Helen Binney was born on October 9, 1890, to Edwin Binney ( head of the Crayola crayon company) and Alice Binney.  She attended the Catherine Aiken School in Stamford.  In 1909, she married Allan Kitchel.  Helen and her sister, Mary Davey, convinced their father to purchase 10 acres owned by George Boles, which he bought for $30,000.  This tract of land was a marsh and flood plain with two tidal streams passing through it.  The streams converged and emptied into Greenwich Cove. This wetland was exceptional with beautiful vegetation and water fowl.  The girls wanted to keep it from being over-developed with residential housing.  In January 1928, the Binneys turned that land over to the Town of Greenwich.  It's part of what is now Binney Park.

In 1938, Ms. Kitchel, her mother and an architect purchased a 10-acre parcel of land on Harding Road around the corner from Binney Park.  This was part of  Laddin's Rock Farm.  There are hiking trails through this area, which is known as The Helen Binney Kitchel Natural Park.  There is no doubt that the efforts of Ms. Kitchell contributed greatly to the town's inventory of open space.

The list of her achievemnts is impressive.  She was the first woman to serve in the Connecticut State Legislature.  Helen served 4 terms from 1931 to 1939.  Not surprisingly, she sponsored legislation to protect natural resources.  Her efforts resulted in billboards being prohibited from natural areas, and hundreds of acres of land being protected all around the state. She was also responsible for Sound Beach being renamed Old Greenwich.

Ms. Kitchel is also credited with launching the Historical Society of the Town of Greenwich. She arranged to have the Tomac Cemetery (the oldest cemetery in town) cleaned up, and began researching the genealogy of those buried there.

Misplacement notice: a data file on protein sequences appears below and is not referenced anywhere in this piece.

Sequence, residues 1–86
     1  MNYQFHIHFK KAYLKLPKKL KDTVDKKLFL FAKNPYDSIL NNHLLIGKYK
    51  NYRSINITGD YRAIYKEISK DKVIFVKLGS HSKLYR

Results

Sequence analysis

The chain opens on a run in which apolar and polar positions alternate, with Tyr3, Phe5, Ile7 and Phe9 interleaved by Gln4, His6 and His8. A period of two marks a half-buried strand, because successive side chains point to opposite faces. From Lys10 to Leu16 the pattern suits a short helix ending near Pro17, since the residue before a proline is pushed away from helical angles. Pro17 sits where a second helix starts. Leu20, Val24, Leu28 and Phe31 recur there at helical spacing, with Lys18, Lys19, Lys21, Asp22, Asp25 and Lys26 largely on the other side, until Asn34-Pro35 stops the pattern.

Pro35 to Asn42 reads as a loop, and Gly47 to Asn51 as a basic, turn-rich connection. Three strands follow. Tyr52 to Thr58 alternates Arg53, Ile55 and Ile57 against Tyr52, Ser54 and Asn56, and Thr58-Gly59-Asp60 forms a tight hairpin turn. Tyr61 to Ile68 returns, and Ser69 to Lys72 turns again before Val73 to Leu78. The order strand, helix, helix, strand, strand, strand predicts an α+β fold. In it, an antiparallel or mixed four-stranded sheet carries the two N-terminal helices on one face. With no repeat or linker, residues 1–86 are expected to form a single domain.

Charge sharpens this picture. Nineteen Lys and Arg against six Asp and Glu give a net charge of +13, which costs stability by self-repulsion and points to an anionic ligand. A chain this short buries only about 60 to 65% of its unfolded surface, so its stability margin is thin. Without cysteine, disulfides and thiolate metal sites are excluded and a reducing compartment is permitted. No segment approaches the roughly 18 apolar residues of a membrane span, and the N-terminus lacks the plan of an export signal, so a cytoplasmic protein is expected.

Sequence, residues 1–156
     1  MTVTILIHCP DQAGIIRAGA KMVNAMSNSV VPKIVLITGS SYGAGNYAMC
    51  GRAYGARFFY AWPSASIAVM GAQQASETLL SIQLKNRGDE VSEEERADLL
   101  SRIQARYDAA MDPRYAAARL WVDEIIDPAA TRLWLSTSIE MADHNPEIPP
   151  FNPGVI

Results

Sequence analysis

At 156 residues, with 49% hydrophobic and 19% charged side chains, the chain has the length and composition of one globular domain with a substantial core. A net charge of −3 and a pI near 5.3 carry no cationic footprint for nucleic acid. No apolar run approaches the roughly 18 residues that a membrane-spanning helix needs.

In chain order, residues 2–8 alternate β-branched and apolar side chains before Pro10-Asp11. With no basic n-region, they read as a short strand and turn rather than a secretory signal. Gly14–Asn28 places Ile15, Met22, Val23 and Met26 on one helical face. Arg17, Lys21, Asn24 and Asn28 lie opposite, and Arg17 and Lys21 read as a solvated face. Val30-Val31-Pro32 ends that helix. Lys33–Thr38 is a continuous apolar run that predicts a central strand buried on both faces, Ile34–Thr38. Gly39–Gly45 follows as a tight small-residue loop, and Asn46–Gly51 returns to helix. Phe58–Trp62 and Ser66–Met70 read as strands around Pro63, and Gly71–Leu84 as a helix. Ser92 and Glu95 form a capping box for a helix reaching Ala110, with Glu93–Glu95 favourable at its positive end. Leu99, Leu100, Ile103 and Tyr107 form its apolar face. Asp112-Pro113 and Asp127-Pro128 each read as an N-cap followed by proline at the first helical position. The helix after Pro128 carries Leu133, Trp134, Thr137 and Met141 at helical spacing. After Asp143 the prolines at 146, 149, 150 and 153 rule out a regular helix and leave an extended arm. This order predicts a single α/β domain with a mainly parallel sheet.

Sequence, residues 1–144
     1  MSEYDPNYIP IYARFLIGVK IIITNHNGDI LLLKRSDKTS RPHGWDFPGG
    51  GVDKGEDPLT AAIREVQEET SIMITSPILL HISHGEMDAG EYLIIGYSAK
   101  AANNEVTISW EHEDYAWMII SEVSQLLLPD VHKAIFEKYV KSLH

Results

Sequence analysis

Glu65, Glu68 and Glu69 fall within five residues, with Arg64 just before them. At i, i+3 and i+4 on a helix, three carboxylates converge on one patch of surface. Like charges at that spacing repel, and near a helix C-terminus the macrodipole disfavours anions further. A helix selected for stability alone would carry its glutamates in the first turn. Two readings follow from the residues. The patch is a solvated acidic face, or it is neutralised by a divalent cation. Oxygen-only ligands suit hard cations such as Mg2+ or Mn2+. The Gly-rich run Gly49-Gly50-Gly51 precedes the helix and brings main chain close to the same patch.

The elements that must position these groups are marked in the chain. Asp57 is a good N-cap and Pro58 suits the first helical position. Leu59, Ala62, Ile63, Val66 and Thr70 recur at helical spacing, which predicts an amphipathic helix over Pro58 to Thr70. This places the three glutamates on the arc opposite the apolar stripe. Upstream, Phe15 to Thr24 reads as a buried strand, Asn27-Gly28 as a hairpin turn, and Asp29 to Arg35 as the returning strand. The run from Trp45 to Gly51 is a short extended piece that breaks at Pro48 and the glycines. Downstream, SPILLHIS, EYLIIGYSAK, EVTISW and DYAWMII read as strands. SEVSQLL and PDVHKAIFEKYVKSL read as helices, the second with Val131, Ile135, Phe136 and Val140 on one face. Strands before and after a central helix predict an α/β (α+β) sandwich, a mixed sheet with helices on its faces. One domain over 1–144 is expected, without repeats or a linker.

If this weren't enough, she was the first Chairman of the Greenwich Point Committee from 1956 to 1978. This volunteer committee was responsible for preserving the unique, fragile and irreplacable shoreline which is used by a variety of people for many recreational purposes.  In 1959, the Kitchels donated a holly grove to commemorate their 50th wedding anniversary.  Sculptor John Knowles sculpted a bronze eagle, which Ms. Kitchell had placed in Eagle Pond in 1979.





Monument in Eagle Pond

Courtesy:  Carl White   2005


The Garden Club of America recognized Ms. Kitchel by presenting her with the Southern New England Conservation Award in 1962. In 1965 she received the Margaret Douglas Award, the highest conservation award the Garden Club of America can award.  On her ninetieth birthday in 1980, the Hanging Gardens at Greenwich Point were dedicated to her.  The Greenwich Garden Club started presenting an Allan Kitchel Award, which she created to honor her husband.

Ms. Kitchel passed away in 1990 at the age of 99 years. She will always be remembered by those who use Binney Park, the Natural Park and Greenwich Point.  Her anniversary holly grove is still flourishing.  Wedding parties still use Binney Park for photographs.  The sculpture still sits up on the monument in Eagle Pond.  And the Town still seeks to preserve open land.  

Much like the famous naturalist and author Rachel Carson, Ms. Kitchel taught us to protect and preserve our environment.

Thank you, Ms. Helen Binney Kitchel!


SOURCE: Greenwich Time (Hearst Corp)
Enhanced by Zemanta

About this Archive

This page is an archive of entries from March 2012 listed from newest to oldest.

February 2012 is the previous archive.

April 2012 is the next archive.

Find recent content on the main index, or to browse all entries look in the all entries list or the archives.